Let’s play a game of “Who, What, When, Where, Why?” Who? You. What? Germs. When? All the time. Where? On pretty much every single surface in your home. Why? Because they can.
I’ll admit, that wasn’t a very fun game. Even though we all know that germs are everywhere, it’s easier not to think about it too much. A few germs never hurt anyone, right? Wrong. While there’s no need to buy your local grocery store’s entire supply of cleaning products, consumer healthcare website Treato wants you to know the shocking truth about the germiest places in your home. A few of these might surprise you.
Walls around the toilet.
Most people think the bathroom is the dirtiest place in the home. However, when NSF International performed an analysis of 30 common household items in 22 different homes, they found more coliform bacteria—a type of bacteria that includes Salmonella and E. coli—in kitchens than in bathrooms. That said, bathrooms are still pretty germy, and people often overlook the walls surrounding the toilet when they’re cleaning their bathroom.
You might not touch the knobs on your stove as much as you touch the handles on the kitchen faucet, but they still get a lot of action. Sometimes, when you’re juggling different tasks while preparing a meal, you might forget to wash your hands before adjusting the stove knobs. Make sure to disinfect the knobs as often as you wipe down your kitchen counter.
Speaking of kitchen counters, they get more traffic than Times Square on New Year’s Eve. Just think of all the things you might place on your kitchen counter: groceries, dirty dishes, unwashed produce, keys, your hands after a sneeze (better protect yourself from spreading this year’s cold and flu), your purse—even a baby! Since the kitchen countertop is where most of the food prep happens, clean it once or twice a day with hot, soapy water.
If aliens used the Internet—and only the Internet—to study human behavior, they would probably come to the conclusion that we revere cats and dogs over all other creatures, including ourselves. But no matter how cute your puppy or kitty is, pet toys are often covered in coliform, mold, yeast and even Staph. Always wash your hands after playing with Rover. Every week or two you should wash rubber or plastic pet toys with hot water and dish soap and throw the fabric ones in the wash.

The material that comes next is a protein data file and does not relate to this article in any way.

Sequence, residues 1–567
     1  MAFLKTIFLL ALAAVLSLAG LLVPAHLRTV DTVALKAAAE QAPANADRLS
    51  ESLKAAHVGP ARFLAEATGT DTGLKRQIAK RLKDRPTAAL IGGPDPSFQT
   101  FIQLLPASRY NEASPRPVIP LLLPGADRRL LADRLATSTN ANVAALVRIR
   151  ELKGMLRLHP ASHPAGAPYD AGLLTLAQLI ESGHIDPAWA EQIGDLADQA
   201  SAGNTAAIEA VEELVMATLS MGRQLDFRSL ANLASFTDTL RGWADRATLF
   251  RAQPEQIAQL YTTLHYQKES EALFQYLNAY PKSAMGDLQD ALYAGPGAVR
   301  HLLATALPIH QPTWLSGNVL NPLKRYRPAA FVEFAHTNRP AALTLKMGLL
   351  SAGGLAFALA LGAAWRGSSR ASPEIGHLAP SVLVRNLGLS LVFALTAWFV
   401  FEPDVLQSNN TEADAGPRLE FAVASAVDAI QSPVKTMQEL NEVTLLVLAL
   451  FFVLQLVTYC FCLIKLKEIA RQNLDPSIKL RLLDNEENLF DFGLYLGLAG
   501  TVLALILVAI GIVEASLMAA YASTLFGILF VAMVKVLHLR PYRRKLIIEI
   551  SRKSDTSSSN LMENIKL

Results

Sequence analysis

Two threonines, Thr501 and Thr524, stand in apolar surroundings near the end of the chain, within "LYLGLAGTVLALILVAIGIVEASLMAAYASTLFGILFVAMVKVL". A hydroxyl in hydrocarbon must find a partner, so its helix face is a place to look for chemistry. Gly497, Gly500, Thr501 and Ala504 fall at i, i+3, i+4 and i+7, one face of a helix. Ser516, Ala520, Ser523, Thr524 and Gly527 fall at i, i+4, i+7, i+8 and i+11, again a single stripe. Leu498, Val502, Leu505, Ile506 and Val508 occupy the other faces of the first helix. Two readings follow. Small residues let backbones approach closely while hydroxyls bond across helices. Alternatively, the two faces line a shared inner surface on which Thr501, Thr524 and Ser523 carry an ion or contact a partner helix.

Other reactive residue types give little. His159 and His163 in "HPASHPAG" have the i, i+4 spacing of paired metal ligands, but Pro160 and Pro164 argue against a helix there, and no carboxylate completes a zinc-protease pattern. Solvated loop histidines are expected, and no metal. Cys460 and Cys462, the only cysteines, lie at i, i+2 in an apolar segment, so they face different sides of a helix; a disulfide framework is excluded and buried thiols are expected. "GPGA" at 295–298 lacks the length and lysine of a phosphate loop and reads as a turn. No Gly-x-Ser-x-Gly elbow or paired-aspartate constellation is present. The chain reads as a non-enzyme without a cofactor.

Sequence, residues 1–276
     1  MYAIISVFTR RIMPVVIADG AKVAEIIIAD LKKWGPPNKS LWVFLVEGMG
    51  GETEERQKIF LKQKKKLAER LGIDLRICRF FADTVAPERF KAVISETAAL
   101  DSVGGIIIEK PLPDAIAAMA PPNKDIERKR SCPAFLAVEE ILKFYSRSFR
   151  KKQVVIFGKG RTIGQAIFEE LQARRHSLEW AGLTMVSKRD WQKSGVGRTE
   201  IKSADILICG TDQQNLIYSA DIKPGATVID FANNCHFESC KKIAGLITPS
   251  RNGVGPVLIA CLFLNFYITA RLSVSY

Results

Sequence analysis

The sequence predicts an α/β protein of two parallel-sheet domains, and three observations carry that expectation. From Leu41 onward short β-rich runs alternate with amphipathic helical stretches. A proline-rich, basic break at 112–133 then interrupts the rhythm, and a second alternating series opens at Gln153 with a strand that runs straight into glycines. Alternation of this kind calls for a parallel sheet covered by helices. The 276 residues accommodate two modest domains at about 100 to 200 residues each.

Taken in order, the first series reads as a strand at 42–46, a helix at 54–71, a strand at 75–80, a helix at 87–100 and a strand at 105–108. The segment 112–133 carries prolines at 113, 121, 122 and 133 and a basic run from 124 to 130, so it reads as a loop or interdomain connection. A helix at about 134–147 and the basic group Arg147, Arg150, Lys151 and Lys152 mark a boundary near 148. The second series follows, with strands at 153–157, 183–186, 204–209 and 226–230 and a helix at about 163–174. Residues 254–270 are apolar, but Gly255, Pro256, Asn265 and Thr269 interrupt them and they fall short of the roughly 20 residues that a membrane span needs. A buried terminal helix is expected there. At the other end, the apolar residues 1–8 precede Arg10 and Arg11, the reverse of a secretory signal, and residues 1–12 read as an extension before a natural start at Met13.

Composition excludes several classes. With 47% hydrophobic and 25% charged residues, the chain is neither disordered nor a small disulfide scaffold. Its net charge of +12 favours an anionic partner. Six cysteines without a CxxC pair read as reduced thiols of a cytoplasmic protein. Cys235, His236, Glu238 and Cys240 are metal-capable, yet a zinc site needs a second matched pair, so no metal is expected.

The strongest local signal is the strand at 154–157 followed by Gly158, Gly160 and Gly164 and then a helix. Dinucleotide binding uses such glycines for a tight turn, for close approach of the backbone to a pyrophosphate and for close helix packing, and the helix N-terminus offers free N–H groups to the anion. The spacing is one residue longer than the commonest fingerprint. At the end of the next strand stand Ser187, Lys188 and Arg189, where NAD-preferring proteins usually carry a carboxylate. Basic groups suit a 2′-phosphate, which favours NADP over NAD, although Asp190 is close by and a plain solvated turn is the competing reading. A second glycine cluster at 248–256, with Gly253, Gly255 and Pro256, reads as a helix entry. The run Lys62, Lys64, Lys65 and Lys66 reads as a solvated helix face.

Why is it that, even though you rinse off your toothbrush each time you use it, your toothbrush holder always ends up getting sticky and covered with grime? One solution to this problem is to use a cup for your toothbrush instead of a holder. You’ll still have to clean the cup, but that’s as easy as putting it in the dishwasher. If you choose to using a toothbrush holder, just be sure to wipe it down once a week with a disinfecting wipe.
Like your kitchen counter, your cutting boards do a lot of hard work but don’t get much love and affection in return. Just think of all that chopping and dicing and all the different meats, fish and produce that a cutting board endures in a given week. And to top it all off, all those food particles love to hide in a cutting board’s tiny cracks, a process which allows dangerous bacteria like E. coli and Salmonella to linger and spread.
A wood or bamboo cutting board is your best bet for avoiding the spread of bacteria as well as keeping your knives nice and sharp. Plastic cutting boards are usually recommended by professional chefs but they’re more porous and tend to harbor more bacteria than wood. Plastic is better for preparing meat, though. A good compromise is to keep one wood or bamboo cutting board and one plastic cutting board on hand, the former for fruits and veggies and the latter for meat, poultry and fish.
Kitchen sink and sponge.
We saved the germiest for last. These two go together because you can’t really have one without the other. Your sink is your kitchen’s equivalent of the River Styx—the last place food goes (besides your mouth) before it disappears down the drain or garbage disposal. On top of all the raw and unwashed foodstuffs that go in and around the kitchen sink, we often wash our hands in the sink after performing yucky tasks like picking gum off the bottom of a shoe or replacing a bicycle chain. You should clean your kitchen sink at least once a week with a disinfectant like white vinegar.
I have a confession to make. As a kid I thought sponges were clean because you constantly put soap in them. Eventually I learned the truth: your kitchen sponge is arguably the single germiest item in your home. In the NSF International study mentioned above, 75% of the sponges (and kitchen rags) analyzed were found to contain coliform bacteria. Considering sponges are used for spills on both the kitchen counter and the floor and often aren’t cleaned regularly, that shouldn’t come as a surprise. The trick to keeping your sponges (relatively) bacteriafree is to sanitize them daily. You can put them in the microwave (two minutes on high), or pop them in dishwasher. Alternatively, you could invest in some microfiber cloths, which are similarly effective for cleaning and can be thrown in the washing machine and dryer.